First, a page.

When it came to the odd, yet fashionable, velour tracksuits fit that description in the 1980s. These tracksuits were comfortable and stylish, and they were also very popular loungewear at the time.
Velour tracksuits are a common staple in the modern wardrobe. It’s a monochromatic top and pants, made of velour, which is a fabric that resembles velvet but is made of cotton or polyester. It’s thin, comfortable, and has a plush texture.
Velour tracksuits became popular in the 80s because it was seen on musicians, movie characters, breakdancers, and the average individual who just wanted to stay comfortable but also stylish. An arbiter of cool in the 80s, the velour tracksuit was one of the hottest fashion trends of the decade.
Velour Tracksuits In The 80s
To understand why it became a popular fashion trend in the 80s, we need to understand its origins. The first velour tracksuits were said to be made by the French company, Le Coq Sportif, who developed the clothing from the “Sunday Suit” or “Seventh Day Suit” in 1939. It was purely an article of two-piece clothing reserved for track athletes, which explains the name, “track” and “suit”.
But it was in the 1960s when velour tracksuits became more of a fashion statement rather than purely athletic wear. Popular American track athletes John Carlos and Tommie Smith were seen wearing velour tracksuits before their races.
They wore these tracksuits to keep them warm before and after their races. It consisted of a velour long-sleeved top with an elasticized hem, paired with velour sweatpants, also having an elasticized waist. The colors and patterns of the top were also featured on the pants.
In 1967, Adidas had their first foray into clothing when they made a tracksuit for a German footballer. This tracksuit had the signature three stripes Adidas trademark on the sides.
The growing health and fitness trend of the time also contributed to the popularity of velour tracksuits. The fitness craze in America started in the 70s and amateur athletes started wearing tracksuits on and off the field.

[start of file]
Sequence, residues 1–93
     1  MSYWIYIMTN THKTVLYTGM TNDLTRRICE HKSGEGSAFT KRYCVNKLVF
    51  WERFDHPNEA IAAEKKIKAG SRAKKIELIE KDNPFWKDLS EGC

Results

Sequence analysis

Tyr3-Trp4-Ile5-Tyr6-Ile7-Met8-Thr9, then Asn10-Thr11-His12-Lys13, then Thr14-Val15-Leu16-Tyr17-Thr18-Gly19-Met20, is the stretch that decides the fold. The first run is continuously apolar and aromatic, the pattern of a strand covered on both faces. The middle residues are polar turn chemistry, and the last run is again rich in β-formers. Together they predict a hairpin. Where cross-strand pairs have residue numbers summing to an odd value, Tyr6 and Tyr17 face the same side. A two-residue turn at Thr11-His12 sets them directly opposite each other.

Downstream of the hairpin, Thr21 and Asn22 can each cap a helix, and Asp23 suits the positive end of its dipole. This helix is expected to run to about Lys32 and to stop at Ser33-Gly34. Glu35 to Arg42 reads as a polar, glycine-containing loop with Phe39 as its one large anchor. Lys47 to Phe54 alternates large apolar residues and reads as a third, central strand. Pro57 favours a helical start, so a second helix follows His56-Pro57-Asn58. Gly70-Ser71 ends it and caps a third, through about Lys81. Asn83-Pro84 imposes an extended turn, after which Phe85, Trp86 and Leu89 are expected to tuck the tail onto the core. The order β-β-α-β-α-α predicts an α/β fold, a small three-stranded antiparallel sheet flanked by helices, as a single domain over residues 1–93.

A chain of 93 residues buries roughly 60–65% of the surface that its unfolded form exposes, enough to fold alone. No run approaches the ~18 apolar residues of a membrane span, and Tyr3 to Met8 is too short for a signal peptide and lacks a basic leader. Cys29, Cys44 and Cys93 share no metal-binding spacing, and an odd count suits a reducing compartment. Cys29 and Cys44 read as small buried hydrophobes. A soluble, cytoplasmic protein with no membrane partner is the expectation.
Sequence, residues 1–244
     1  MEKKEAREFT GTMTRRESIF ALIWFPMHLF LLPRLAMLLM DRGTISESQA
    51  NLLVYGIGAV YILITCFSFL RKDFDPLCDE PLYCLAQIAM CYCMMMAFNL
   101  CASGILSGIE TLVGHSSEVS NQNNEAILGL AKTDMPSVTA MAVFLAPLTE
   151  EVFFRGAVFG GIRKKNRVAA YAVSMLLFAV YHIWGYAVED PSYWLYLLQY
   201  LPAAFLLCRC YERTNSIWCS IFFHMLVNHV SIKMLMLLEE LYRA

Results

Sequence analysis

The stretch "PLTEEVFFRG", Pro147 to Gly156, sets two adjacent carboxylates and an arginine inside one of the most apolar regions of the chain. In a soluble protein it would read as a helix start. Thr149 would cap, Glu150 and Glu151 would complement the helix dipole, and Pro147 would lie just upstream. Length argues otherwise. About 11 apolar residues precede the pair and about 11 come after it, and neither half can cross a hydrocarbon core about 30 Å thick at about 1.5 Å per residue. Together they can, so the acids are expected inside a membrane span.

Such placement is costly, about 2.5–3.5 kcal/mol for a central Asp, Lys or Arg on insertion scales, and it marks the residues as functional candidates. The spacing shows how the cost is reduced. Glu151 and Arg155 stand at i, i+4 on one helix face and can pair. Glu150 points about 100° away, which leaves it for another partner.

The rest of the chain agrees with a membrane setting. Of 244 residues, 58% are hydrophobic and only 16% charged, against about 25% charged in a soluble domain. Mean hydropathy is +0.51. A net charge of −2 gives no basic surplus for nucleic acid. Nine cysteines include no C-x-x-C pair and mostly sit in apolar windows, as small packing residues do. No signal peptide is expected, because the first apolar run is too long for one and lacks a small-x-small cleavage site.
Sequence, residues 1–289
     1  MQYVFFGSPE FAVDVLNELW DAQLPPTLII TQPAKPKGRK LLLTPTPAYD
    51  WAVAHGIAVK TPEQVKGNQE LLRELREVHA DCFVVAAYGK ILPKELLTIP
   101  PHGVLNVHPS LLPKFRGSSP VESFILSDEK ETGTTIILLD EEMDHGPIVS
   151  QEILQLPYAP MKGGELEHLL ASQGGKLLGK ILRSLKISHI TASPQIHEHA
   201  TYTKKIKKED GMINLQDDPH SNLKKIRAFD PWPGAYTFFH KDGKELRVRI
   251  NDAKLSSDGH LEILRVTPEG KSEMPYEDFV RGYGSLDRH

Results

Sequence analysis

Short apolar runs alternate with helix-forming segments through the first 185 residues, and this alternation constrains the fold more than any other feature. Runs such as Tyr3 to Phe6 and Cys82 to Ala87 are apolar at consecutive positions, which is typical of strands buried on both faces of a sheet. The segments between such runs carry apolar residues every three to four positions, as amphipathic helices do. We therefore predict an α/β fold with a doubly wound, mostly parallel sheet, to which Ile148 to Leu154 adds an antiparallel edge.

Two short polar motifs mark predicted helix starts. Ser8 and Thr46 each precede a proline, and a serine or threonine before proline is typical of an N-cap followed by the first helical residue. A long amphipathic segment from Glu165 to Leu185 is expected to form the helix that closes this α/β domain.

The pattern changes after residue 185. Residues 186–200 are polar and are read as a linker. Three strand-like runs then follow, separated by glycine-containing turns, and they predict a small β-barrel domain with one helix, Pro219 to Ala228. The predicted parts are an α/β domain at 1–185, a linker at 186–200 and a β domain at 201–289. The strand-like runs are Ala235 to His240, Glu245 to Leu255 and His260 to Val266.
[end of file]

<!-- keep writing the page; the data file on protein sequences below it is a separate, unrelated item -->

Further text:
An iconic tracksuit was also worn by Bruce Lee in the movie “Game of Death” (1978), and this was part of the growth of the tracksuit’s popularity that continued through into the 80s.
As sportswear became more fashionable during the decade, so did the popularity of tracksuits. The B-boy movement, groups of dancers breakdancing in the streets, chose the velour tracksuit as their uniform of choice. It was light, thin, and comfortable enough to allow them all kinds of movement without restrictions. They also regarded them as fashionable enough to be worn on the street.
During the 80s, velour tracksuits came in all kinds of bright colors and patterns, which coincided with the popular neon fashion trends of the time.
Aside from breakdancers, musicians also chose the velour tracksuit as an emblem of cool. As hip-hop became more mainstream in the 80s, rappers and DJs soon donned the piece of clothing, and they were famously worn in music videos that were on heavy rotation on MTV.
Musicians like LL Cool J, Run DMC, and the Beastie Boys put the velour tracksuit front and center when they would wear them during their performances, in music videos, and on their album covers.
Run DMC even made a song about tracksuits, “My Adidas” released in 1986, making them even more popular than they already were.
Films such as Back to the Future, Superman III, and Roger Moore’s James Bond featured velour tracksuits in certain scenes, and this only further cemented them as one of the most popular fashion trends of the 80s.
Even now velour tracksuits can be found everywhere in pop culture. Recently the iconic 80s fashion showed up in an episode of “The Sopranos”, and they can be found in many other shows and movies if you pay attention close enough.
Velour Tracksuits Influence on Fashion
Velour tracksuits influenced a new style of clothing, which was the shellsuit later in the 80s, which were tracksuits made of nylon. The materials used on these suits resembled parachutes, which wicked away moisture, somewhat similar to windbreakers. Though brief, the shellsuits were a variation of the velour tracksuits that were so coveted in the era.
Today, velour tracksuits are still worn by artists, musicians, and actors, and luxury brands have produced their very own versions, as well as cheap knockoffs mass-produced for the general market.
However, it was during the 80s that the velour tracksuit held a status symbol, worn by the decade’s tastemakers, and sought after by the average individual who wanted to look as cool as famous athletes, breakdancers, and rappers.